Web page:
The world should focus on delivering decarbonisation promises and engage in international technological cooperation, rather than arguing over agreed upon goals, according to Xie Zhenhua, China’s climate change
Xie, the country’s top climate diplomat, told a webinar on Tuesday that it was more important for countries to pool resources to innovate and share technology to reduce the cost of low carbon energy solutions, than to wrangle over whether to upgrade global goals to keep global warming at 1.5 degrees instead of 2 degrees
“Now is the time for action and implementation of our commitments, not the time to argue whether it should be 1.5 or 2 degrees,” he told the panel discussion organised by Our Hong Kong Foundation and the Hong Kong University of Science and Technology.
Xie’s comments were made in response to Todd Stern, the former US special envoy for climate change
under the Obama administration, who told the webinar that a consensus was forming among international scientists that the world needed to upgrade the goal to 1.5 degrees. He said this was needed because the world had already seen more heatwaves, wildfires and floods of unprecedented severity in recent years with global warming
of 1.2 degrees. Stern added that a 2018 Intergovernmental Panel on Climate Change
report suggested that the consequences of a two degree warming will be “far worse” than that of 1.5 degrees.
The US and China have committed to cooperating with each other and other nations to tackle the climate crisis, including cooperating in multilateral processes such as the Paris Agreement, Xie said. Given countries were at different stages of economic development and had varied energy resources, developed economies should shoulder their fair share of responsibilities given their longer history of industrialisation by achieving net zero emissions earlier than developing countries, and help the later do so as well, he said.
“Different countries have different starting points, and their time to achieve near-zero emissions should also be different,” Xie said. “If the world will achieve carbon neutrality by 2050, developed countries should do so by around 2040, achieve negative emissions by 2050, and provide technology and financial support to developing countries.”
Under the 2015 Paris Agreement signed by about 200 nations, countries should make voluntary commitments to decarbonise with a goal to hold global warming within two degrees by 2100 from pre-industrial levels, and use their best efforts to keep it at 1.5 degrees. The next major global climate negotiation will take place in Glasgow in November.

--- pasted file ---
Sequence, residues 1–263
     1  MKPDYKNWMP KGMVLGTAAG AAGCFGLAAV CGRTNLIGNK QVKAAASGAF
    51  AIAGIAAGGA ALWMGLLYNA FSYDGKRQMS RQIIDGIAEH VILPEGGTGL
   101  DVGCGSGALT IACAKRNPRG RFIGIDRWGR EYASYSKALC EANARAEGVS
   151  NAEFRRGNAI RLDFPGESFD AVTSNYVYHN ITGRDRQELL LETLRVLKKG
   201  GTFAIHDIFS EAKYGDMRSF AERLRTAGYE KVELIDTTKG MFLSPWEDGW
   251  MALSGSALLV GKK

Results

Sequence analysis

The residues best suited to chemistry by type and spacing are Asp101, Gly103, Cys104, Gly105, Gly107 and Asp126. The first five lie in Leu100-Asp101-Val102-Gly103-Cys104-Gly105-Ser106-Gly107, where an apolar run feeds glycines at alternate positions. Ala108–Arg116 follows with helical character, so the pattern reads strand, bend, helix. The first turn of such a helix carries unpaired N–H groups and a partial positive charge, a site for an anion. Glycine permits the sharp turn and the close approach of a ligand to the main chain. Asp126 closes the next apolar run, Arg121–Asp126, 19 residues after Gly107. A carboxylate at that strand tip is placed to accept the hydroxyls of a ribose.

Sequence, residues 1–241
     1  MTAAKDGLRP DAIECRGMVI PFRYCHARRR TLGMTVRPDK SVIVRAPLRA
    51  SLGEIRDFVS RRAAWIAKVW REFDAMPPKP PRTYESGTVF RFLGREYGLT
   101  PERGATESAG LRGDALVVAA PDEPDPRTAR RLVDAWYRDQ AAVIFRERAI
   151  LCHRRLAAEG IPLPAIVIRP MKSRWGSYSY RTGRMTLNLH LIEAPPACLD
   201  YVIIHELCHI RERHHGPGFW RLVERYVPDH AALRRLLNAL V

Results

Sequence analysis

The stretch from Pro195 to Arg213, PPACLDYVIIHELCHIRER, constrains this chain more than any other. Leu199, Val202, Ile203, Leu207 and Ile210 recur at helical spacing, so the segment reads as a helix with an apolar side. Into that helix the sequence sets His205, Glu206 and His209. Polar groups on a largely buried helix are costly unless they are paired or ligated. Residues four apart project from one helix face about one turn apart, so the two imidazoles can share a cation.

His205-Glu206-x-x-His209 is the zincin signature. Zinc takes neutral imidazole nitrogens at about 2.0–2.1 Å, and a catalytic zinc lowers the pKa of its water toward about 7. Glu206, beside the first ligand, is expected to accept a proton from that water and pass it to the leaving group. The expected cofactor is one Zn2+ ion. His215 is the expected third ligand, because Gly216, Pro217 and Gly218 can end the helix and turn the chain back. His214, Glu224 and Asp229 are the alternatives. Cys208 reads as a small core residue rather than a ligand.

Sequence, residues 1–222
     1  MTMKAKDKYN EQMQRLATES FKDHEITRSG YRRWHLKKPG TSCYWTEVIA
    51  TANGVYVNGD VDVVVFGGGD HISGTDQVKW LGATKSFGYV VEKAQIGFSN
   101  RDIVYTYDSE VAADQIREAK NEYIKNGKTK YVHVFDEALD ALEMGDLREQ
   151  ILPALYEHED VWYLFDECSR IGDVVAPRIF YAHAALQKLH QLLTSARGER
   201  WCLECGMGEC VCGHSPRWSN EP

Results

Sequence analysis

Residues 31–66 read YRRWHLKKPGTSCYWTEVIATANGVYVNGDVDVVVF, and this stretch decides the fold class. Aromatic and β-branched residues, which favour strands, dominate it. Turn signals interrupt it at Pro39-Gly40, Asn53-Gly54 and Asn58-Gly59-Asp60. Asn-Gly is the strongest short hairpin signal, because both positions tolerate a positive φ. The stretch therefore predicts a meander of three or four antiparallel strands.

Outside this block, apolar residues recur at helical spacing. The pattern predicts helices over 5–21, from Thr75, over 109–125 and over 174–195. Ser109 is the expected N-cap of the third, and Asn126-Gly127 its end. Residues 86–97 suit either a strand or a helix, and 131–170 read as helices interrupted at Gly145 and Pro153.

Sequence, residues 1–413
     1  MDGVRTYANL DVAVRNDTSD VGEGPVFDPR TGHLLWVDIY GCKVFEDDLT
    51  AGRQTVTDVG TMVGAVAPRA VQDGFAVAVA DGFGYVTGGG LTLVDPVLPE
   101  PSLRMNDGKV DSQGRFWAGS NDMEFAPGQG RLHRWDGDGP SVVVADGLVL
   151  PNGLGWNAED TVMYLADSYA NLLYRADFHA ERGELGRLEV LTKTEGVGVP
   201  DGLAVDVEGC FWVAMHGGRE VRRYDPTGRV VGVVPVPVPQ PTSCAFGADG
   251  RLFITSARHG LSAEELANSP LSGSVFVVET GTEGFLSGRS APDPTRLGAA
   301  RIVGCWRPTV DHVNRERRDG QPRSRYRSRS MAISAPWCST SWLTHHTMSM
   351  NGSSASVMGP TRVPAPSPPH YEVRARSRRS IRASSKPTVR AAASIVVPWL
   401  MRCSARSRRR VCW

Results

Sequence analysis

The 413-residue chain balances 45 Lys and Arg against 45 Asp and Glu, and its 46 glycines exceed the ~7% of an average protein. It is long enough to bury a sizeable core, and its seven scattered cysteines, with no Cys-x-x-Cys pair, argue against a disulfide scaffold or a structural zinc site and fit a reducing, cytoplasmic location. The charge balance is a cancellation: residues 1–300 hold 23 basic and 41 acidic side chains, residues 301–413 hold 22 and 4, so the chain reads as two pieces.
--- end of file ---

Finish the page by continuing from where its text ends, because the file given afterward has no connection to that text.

Acknowledging that China’s current commitment for carbon emissions to peak before 2030 and achieving net zero emission by 2060 were challenging, Stern said more needed to be done.
“While China has pledged carbon neutrality by 2060, which is great … it has not announced plans to do enough in the 2020s,” he said. “Peaking [emissions] in China by 2030 cannot get the job done, and I don’t think it represents the best efforts to hold to 1.5. It can get the job done against two degrees perhaps.
“Nor is China’s substantial expansion of its coal [power plants] fleet in the 14th five-year plan (2021-25) compatible with what needs to happen,” Stern said.
Lord Adair Turner, the chairman of the UK’s energy transition commission, said the world will have a 50 per cent chance of reaching the 1.5 degree goal and 90 per cent likelihood of attaining the two degree target, if all developed nations become carbon neutral by 2050 and all developing nations by 2060.
“If China does not peak emissions until 2030, I do not think we have anything like a 50-50 chance of limiting global warming to 1.5 degrees, nor a 90 per cent chance of keeping [it] below two degrees, because China is so big and so economically successful that what it does is far more important than my own little country does,” he said.
Given that the cost of solar and wind power generation and battery storage has fallen 60 to 90 per cent in the past decade, much of it thanks to efforts in China, he said it was possible to build electricity systems primarily based on renewable energy, and generate power more cheaply than using fossil fuels.
Even so, Xie said China needed to keep coal-fired plants on reserve in case of power failures in situations such as extreme floods in Henan province, which cut off supply from many of its wind and solar power facilities.